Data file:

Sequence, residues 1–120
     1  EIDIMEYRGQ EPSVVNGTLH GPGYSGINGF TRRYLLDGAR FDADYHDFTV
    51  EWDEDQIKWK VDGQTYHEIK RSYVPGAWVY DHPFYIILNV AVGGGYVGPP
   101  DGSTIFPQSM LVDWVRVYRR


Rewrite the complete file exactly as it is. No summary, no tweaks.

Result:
Sequence, residues 1–120
     1  EIDIMEYRGQ EPSVVNGTLH GPGYSGINGF TRRYLLDGAR FDADYHDFTV
    51  EWDEDQIKWK VDGQTYHEIK RSYVPGAWVY DHPFYIILNV AVGGGYVGPP
   101  DGSTIFPQSM LVDWVRVYRR